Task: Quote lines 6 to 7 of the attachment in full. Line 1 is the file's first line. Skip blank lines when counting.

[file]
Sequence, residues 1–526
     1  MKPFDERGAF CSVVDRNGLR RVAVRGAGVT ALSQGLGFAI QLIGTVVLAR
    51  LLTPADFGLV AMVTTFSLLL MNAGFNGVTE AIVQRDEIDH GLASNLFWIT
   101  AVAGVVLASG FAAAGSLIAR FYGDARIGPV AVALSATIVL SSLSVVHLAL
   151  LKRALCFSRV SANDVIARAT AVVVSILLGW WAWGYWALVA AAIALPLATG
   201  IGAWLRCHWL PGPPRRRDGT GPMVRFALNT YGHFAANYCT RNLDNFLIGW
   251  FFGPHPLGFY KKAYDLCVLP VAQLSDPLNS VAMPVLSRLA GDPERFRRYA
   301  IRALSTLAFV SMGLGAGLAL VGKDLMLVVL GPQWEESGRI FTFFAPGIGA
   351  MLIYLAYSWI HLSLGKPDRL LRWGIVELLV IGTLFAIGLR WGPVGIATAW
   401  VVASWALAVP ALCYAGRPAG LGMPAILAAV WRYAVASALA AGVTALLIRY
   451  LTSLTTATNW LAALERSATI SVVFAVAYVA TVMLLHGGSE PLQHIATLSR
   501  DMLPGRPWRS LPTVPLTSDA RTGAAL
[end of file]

   201  IGAWLRCHWL PGPPRRRDGT GPMVRFALNT YGHFAANYCT RNLDNFLIGW
   251  FFGPHPLGFY KKAYDLCVLP VAQLSDPLNS VAMPVLSRLA GDPERFRRYA